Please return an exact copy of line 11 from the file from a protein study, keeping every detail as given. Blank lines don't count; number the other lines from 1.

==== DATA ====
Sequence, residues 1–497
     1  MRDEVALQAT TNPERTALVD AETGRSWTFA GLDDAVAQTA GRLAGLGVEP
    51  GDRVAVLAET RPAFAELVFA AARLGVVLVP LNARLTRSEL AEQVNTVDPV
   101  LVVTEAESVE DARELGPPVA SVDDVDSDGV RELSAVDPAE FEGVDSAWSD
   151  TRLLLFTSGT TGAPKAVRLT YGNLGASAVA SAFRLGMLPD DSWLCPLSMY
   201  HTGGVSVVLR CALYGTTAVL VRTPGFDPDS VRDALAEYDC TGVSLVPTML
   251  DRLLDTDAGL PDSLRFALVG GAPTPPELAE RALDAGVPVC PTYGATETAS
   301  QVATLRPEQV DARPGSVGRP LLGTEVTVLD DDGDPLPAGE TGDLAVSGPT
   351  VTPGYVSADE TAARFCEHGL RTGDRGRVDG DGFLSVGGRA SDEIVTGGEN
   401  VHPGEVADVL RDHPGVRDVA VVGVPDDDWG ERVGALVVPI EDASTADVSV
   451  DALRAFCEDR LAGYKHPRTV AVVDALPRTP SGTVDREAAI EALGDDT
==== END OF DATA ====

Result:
   451  DALRAFCEDR LAGYKHPRTV AVVDALPRTP SGTVDREAAI EALGDDT